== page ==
We may think we have 12 years to curb climate change, but some Canadian climate experts say we likely have close to 18 months instead

    Climate scientist Ian Mauro from the University of Winnipeg says 2020 is the climate change deadline we should be eyeing.

    “We need to bring down our emissions and peak [in] 2020,” he said

Greenland’s ice wasn’t supposed to melt like last week until 2070

Article Source Here

During the past week, temperatures at the highest reaches of the Greenland ice sheet rose above freezing, melting snow at the Summit Station (10,550 feet above sea level) for the first time since July 2012 and perhaps only the third time in the last seven centuries

Across lower elevations around the margins of the ice sheet, bare glacial ice melted at an unprecedented rate, losing 12.5 billion tons of water on Thursday alone, with daily losses likely exceeding any point in at least the past 70 years. 

The Greenland ice sheet covers an area the size of Alaska with enough ice to raise global sea level by more than 20 feet. Greenland gains ice each winter from compacting snow accumulation and loses ice from melt water and icebergs discharged to the ocean. A dry, warm spring this year left a thin snow cover over bare glacial ice. Spring warming followed by a large melt event in June led scientist Jason Box of the Geological Survey of Greenland to predict record ice losses this year. The peak of the melt season passed in mid-July with more typical summer conditions, but the past week again saw a large increase in the area and intensity of melt across the Northern Hemisphere’s remaining ice sheet.

This latest heat wave was particularly unusual as a dome of warm air arrived from the east, associated with the remnants of the record-setting European heat wave last month. Most large melt events on Greenland involve warm, humid air masses arriving from North America and the western Atlantic Ocean. This surge of warm air started in North Africa, traveled north across Europe and then westward across the North Atlantic Ocean toward and across Greenland. Air masses originating over North Africa are known to reach Greenland — Saharan dust has been traced to the ice sheet— but this recent air mass was exceptionally warm. By following the path of the heat wave, scientists predicted the extensive melt several days in advance. Air temperatures at Summit hovered near or above freezing for more than 11 hours on Wednesday, which is nearly twice as long as the last melt event there in 2012.

Satellite data that I process for the National Snow and Ice Data Center showed more than 60 percent of the surface area of the ice sheet melting last Wednesday. While this is a smaller melt area than in mid-July 2012, the melt extent was second only to 2012 for late July. More detailed satellite images show that snow has melted from a large area along the western edge of the ice sheet, leaving more exposed ice than in 2012 in several areas. Numerous meltwater rivers and lakes, and dark, dust-encrusted ice reached areas higher on the ice sheet. Images comparing summer 2018 and summer 2019 show a larger area of bare ice and meltwater lakes this summer. Several of the Danish Meteorological Institute weather stations on the ice sheet have recorded greater melt rates in 2019 than in 2012.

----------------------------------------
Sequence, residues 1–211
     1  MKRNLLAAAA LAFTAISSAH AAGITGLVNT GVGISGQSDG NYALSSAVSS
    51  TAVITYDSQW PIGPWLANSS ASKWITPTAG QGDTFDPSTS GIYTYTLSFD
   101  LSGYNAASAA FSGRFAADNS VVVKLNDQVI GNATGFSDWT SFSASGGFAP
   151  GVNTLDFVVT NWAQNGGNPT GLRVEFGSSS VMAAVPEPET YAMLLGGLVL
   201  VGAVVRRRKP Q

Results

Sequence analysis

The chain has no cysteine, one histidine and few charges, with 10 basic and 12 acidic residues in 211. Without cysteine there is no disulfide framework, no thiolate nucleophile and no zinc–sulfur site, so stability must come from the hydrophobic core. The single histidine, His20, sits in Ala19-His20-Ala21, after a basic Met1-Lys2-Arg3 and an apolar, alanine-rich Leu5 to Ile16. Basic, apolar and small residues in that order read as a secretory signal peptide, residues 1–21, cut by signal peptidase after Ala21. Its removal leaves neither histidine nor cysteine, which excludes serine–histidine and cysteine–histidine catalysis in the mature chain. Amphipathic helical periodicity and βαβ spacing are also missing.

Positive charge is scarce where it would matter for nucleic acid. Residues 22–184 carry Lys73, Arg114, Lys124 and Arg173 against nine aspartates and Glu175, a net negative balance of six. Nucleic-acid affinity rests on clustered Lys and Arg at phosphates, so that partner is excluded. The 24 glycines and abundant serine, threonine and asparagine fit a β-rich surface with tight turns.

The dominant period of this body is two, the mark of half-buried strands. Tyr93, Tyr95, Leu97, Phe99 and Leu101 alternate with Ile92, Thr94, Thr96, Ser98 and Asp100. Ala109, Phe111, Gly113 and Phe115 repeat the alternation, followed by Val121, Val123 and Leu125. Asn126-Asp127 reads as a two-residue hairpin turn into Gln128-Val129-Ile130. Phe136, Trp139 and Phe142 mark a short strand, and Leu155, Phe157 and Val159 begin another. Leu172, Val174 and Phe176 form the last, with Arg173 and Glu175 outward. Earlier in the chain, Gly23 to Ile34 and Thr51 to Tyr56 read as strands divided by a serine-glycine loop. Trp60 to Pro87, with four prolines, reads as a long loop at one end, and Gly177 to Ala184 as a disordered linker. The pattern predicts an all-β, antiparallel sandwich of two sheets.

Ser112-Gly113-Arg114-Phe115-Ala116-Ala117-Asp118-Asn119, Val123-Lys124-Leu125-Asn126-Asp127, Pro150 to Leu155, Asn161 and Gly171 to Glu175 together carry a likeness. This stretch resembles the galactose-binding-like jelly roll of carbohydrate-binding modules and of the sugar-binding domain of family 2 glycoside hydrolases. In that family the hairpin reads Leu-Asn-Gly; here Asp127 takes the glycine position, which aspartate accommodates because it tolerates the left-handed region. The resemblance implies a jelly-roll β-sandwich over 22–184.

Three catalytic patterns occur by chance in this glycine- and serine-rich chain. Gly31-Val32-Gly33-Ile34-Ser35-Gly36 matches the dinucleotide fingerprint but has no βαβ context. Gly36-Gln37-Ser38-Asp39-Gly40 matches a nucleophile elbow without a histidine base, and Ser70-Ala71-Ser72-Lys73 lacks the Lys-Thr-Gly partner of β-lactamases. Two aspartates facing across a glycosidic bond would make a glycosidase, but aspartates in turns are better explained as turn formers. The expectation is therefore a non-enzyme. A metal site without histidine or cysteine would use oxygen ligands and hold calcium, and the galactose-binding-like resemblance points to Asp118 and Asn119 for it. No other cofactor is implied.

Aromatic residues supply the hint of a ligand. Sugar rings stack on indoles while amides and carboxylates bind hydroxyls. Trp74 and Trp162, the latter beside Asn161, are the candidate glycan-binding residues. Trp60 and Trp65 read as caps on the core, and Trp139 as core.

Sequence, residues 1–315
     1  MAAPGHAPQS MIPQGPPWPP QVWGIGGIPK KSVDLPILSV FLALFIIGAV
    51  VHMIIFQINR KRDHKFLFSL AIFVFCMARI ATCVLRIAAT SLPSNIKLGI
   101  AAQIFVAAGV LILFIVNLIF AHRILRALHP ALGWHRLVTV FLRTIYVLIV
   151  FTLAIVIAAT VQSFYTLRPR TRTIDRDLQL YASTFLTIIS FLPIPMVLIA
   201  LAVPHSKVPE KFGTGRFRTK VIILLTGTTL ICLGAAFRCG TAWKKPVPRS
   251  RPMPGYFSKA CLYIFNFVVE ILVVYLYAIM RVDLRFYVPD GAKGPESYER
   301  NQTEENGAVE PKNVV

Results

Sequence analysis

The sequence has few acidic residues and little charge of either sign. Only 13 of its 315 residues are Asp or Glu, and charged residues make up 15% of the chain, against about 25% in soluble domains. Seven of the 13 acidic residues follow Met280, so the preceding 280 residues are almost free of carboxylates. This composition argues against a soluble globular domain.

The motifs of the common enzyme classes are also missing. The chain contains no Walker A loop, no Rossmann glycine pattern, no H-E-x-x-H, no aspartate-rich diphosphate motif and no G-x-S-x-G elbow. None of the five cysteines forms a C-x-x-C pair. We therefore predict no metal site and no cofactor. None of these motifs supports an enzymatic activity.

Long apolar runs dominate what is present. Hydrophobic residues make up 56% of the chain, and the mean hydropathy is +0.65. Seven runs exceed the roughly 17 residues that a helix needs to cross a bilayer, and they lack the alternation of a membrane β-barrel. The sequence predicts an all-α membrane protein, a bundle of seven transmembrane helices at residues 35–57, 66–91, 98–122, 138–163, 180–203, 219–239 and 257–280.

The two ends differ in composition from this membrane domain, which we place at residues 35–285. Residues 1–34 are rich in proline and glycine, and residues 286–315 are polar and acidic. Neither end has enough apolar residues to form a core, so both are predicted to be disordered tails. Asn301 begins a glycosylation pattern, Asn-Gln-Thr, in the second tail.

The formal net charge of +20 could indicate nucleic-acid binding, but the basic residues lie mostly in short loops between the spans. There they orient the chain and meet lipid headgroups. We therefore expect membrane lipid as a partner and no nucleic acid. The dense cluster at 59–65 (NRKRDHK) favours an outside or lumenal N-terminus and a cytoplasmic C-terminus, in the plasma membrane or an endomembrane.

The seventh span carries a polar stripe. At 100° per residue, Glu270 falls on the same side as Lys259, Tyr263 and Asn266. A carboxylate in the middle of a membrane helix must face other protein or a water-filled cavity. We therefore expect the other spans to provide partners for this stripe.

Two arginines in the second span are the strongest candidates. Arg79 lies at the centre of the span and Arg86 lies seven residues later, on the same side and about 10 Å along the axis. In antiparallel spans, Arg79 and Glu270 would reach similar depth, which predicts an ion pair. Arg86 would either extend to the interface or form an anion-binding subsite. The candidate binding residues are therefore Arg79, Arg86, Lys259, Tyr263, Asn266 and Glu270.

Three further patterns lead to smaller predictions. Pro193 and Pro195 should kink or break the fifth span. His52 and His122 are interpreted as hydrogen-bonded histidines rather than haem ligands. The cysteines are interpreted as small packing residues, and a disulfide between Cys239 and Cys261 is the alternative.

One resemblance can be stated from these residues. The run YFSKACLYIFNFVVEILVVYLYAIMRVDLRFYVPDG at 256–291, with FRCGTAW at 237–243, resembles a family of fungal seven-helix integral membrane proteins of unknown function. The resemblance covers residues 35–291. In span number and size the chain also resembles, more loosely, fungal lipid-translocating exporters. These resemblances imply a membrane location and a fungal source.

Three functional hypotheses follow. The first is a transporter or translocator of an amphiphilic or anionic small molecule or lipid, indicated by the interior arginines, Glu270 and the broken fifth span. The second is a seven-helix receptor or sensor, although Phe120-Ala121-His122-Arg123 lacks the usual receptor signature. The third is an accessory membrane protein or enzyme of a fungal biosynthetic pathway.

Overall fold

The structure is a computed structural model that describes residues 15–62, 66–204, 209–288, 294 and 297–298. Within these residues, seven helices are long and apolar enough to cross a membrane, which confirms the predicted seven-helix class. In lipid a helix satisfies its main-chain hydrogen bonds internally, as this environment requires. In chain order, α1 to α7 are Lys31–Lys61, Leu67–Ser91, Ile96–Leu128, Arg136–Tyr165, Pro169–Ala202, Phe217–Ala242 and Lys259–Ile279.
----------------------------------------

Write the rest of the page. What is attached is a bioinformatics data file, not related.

In July 2012, the public watched video of melt water runoff raging down the Watson River, near Greenland’s main international airport at Kangerlussuaq. The flood waters destroyed the bridge’s approaches and prevented travel across the river, which have since been rebuilt. This past week, journalist Laurie Garrett recorded similar images of Watson River flooding. Meanwhile, further north near the U.S. Thule Air Force Base, less than 1,000 miles from the North Pole, scientist Pete Akers at the Institute of Geosciences and Environment in Grenoble reported temperatures above 60 degrees Fahrenheit, ice margin collapse, meltwater pouring into new channels and into the ocean.

While the ice losses on any individual day make only modest contributions to global sea level, the increasing frequency of heat waves and large melt events across Greenland during the past two decades contribute significantly to sea level rise. When the entire surface of the ice sheet melted in July 2012, climatologists and glaciologists told the public that these melt events will become more common in the future. While some recent years, such as 2017, have seen more modest melt seasons, we again witnessed record-setting losses from the ice sheet this summer. 

Mass losses from Greenland this past week were already approaching levels not expected until 2070 based on the best available models. It is still too early to tell if the ice losses for the summer will exceed the losses in 2012, but it is clear that the Greenland ice sheet is rapidly responding to climate change, even faster than many scientists expected. These rapid changes point to the necessity for action on climate change and for improved observing systems to monitor the ice sheet.

Thomas Mote is a distinguished research professor of Geography and Atmospheric Science at the University of Georgia. He has published research for the past 25 years on Arctic climate change and the use of regional climate models and remote sensing to monitor the Greenland ice sheet. He provides the processed satellite data for the Greenland Today website at the National Snow and Ice Data Center.